President Obama signed the Consolidated Appropriations Act of 2014 last Friday (1/17/2014) to fund the activities of the federal government for the 2014 fiscal year. The $1.1 trillion dollar budget includes the requirement that federal agencies providing $100 million or more in annual research funding to make the resulting peer-reviewed research papers publicly available within 12 months of publication. This provision is an expansion of the Open Access policy of the National Institutes of Health (NIH) to cover agencies within the purview of the Departments of Labor, Health and Human Services, and Education. Here is an excerpt of the bill that details this provision:
Sec. 527. Each Federal agency, or in the case of an agency with multiple bureaus, each bureau (or operating division) funded under this Act that has research and development expenditures in excess of $100,000,000 per year shall develop a Federal research public access policy that provides for—
(1) the submission to the agency, agency bureau, or designated entity acting on behalf of the agency, a machine-readable version of the author’s final peer-reviewed manuscripts that have been accepted for publication in peer-reviewed journals describing research supported, in whole or in part, from funding by the Federal Government;
(2) free online public access to such final peer-reviewed manuscripts or published versions not later than 12 months after the official date of publication; and
(3) compliance with all relevant copyright laws.
Like the NIH Public Access Policy, this will require recipients of federal research funding to deposit their final research papers to an Open Access repository like PubMed Central or Iowa Research Online. Details of specific public access policies have yet to be released.
Randy Schekman, a co-recipient of the 2013 Nobel Prize in Physiology or Medicine, participated in an “Ask Me Anything” (AMA) session on Reddit this weekend. Schekman, a Cell Biologist at the University of California, Berkeley, was jointly awarded a Nobel Prize for his work in understanding the transport mechanisms involved in the export of proteins from cells. Last week, he authored an editorial in the Guardian that accused the practices of journals like Cell, Nature, and Science of distorting science and has been the subject of both criticism and praise in the scholarly publishing world.
In his editorial, Schekman specifically calls out Cell, Nature, and Science (C/N/S) who are among the most prestigious journals in the biological and medical sciences.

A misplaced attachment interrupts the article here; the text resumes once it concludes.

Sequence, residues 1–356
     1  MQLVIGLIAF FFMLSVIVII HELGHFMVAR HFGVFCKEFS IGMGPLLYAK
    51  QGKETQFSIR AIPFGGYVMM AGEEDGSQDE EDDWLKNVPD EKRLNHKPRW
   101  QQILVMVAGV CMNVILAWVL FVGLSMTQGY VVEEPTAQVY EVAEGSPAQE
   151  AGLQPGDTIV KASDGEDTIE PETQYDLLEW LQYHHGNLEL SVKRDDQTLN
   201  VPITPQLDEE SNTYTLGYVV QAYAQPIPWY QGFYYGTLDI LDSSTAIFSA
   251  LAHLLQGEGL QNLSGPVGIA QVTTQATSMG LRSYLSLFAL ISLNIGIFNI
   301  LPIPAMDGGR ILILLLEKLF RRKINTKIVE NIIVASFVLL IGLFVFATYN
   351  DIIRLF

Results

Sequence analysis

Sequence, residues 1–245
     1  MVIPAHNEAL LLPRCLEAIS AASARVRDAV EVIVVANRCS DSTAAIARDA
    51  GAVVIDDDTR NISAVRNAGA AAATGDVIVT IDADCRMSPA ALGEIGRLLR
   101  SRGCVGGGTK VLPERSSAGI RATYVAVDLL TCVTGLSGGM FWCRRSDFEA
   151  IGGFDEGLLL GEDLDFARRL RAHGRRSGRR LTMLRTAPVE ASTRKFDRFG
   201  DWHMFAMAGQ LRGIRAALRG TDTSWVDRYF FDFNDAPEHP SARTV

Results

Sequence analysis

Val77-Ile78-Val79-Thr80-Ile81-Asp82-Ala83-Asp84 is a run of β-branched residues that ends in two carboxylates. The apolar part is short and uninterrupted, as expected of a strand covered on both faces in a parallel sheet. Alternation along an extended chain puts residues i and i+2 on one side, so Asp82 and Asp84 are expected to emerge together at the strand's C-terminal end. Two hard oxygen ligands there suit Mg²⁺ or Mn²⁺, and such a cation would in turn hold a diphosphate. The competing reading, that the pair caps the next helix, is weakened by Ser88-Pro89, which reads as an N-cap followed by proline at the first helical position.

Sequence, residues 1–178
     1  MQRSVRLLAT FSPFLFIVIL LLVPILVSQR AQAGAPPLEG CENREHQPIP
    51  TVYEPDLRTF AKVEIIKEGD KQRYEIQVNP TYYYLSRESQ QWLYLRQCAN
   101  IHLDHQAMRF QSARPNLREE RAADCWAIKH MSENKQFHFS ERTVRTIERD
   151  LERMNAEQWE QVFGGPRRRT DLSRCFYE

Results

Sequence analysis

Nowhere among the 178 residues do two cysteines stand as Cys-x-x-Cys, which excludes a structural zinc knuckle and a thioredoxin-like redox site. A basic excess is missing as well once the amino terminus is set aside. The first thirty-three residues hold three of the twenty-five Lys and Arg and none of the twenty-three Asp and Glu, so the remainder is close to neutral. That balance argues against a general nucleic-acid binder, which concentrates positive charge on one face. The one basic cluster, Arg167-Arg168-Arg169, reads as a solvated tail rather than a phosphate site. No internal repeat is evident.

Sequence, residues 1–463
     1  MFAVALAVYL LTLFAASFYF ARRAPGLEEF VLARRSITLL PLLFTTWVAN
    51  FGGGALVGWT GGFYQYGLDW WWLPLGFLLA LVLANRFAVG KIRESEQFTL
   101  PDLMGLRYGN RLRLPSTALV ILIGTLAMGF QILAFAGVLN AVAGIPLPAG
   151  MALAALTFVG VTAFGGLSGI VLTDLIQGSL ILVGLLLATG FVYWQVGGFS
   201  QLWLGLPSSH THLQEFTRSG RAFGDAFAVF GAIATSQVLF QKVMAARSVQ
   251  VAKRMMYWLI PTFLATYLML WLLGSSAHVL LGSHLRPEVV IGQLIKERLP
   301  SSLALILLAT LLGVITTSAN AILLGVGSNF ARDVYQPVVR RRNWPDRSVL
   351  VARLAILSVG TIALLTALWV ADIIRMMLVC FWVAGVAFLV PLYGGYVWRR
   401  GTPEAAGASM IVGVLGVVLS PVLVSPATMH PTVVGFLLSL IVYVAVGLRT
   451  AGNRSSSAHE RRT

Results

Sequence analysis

“These journals aggressively curate their brands, in ways more conducive to selling subscriptions than to stimulating the most important research. Like fashion designers who create limited-edition handbags or suits, they know scarcity stokes demand, so they artificially restrict the number of papers they accept.” [Source]
From the Reddit AMA, the focus of Schekman’s criticism of C/N/S is the artificial restriction of publishing only the papers that fit in the print run of these journals. “Why should we have such a limitation in the 21st century?” he asks. Schekman marks this practice as a distinguishing characteristic of a “luxury” journal as well as the use of a professional editorial staff rather than working scientists in the field. This combination of management priorities, Schekman argues, distorts scientific discourse by emphasizing fashionable topics at the expense of good science.
Schekman is a supporter of the open access movement and is the Editor-in-Chief of eLife, an open access journal of life sciences papers. His boycott of C/N/S has drawn criticism for his eLife affiliation and his previous 46 publications in these journals. [Read the AMA here]
UI Libraries Join Knowledge Unlatched to Support Open Access Books in the Humanities and Social Sciences
The University of Iowa Libraries has signed up to support Knowledge Unlatched, a collaborative initiative to make scholarly books in the humanities and social sciences available open access. Knowledge Unlatched uses a model that brings library funds together to a set of books that academic publishers have agreed to make open access with a Creative Commons license.
Open-access (OA) literature is digital, online, free of charge, and free of most copyright and licensing restrictions. -Peter Suber [source]
The first collection of books in this pilot collection cover History, Political Science, Literary Studies, Anthropology and Communications [The full title list is here]. This project is the first of its kind and is expected to pave the way for more scholarly books to be freely available online without the usual licensing restrictions of eBooks. If 200 libraries sign up by January 31st, these books will be “unlatched” and future collections will be expected to emerge in 2014.